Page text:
Page 111 of the November 7th, 1950, issue of Look magazine contains a short record review column. One of the albums reviewed featured music by the avant-garde composer, Edgar Varèse, including this piece entitled "Ionisation," which premiered in 1933. "Varèse is unlike anything else in music," suggested the Look magazine review, "and well worth knowing."
When that magazine first appeared, a young California resident, named Frank Zappa, was just short of his 10th birthday. So fascinated was Zappa by the Look magazine photo of Varèse accompanying the review, which made the composer look a little like the mad scientist in vintage horror films, that the young lad felt compelled to hunt down the record, which rapidly became his favorite.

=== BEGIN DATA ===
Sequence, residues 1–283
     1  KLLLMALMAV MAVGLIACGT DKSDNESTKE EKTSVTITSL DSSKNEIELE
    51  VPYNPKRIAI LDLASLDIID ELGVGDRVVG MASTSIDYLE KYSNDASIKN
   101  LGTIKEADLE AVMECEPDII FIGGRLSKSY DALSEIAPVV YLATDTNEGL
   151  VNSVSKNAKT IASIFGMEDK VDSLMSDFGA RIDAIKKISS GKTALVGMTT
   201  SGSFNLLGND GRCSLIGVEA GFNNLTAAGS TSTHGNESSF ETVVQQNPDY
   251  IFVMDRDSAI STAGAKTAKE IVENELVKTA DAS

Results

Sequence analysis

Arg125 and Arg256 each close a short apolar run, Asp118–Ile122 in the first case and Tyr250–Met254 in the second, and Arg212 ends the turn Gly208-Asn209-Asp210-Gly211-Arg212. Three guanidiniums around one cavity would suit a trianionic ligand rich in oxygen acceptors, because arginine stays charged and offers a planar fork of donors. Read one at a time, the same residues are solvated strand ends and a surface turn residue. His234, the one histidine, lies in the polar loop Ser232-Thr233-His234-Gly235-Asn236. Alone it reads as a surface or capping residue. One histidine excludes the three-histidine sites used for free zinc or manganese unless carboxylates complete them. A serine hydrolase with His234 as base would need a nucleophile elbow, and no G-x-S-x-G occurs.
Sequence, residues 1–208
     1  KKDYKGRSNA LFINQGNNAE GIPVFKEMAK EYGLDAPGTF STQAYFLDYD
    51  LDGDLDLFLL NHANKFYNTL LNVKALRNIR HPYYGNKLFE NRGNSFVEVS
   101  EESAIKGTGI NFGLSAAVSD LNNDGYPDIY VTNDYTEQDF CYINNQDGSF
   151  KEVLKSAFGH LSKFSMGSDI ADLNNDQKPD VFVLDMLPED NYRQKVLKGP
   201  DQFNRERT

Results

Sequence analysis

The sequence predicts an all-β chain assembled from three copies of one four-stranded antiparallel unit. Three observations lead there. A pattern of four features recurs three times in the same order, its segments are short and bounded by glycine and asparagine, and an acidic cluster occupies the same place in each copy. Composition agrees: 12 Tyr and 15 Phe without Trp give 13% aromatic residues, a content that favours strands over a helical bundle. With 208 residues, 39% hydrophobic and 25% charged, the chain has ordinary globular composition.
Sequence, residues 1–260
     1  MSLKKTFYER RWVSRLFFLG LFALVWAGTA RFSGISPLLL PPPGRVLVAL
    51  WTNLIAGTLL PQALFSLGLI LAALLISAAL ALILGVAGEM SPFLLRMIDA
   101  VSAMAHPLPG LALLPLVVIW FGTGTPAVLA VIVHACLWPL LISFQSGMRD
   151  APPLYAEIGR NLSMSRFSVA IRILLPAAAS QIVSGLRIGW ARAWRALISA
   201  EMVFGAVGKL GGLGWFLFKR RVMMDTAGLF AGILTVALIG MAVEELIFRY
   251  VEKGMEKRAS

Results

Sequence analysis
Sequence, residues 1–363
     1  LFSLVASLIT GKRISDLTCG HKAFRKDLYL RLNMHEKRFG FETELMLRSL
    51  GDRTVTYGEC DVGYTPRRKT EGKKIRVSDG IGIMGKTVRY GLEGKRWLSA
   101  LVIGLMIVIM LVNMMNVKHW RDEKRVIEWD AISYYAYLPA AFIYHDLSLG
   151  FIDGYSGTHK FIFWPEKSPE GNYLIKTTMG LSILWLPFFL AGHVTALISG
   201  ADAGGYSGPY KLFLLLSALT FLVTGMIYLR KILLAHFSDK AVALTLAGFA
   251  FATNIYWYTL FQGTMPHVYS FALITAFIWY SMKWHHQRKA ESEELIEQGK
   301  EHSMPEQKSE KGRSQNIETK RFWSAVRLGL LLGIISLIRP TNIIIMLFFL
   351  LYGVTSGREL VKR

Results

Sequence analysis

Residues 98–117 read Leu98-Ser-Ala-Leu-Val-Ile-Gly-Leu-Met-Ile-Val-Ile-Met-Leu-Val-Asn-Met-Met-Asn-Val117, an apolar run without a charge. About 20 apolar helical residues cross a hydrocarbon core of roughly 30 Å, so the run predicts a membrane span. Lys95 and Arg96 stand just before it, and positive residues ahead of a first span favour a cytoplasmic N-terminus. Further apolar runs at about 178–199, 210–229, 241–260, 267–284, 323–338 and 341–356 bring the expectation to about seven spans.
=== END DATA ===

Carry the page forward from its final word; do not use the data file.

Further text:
Around the same time, Zappa started composing music himself, and, for his 15th birthday, Zappa chose to spend a $5 gift from his parents on a long-distance phone call to Varèse, who Zappa correctly guessed must live in New York's Greenwich Village.
These days, Frank Zappa is best remembered as the head of the iconoclastic rock band of the 60s and 70s, The Mothers of Invention, but in 1983, Zappa also conducted works of Varèse at a San Francisco concert honoring the composer's centenary, and always acknowledged Varèse as a major influence. One of Zappa's final projects, recorded in 1993, the last year of his life, was an orchestral tribute to Varèse.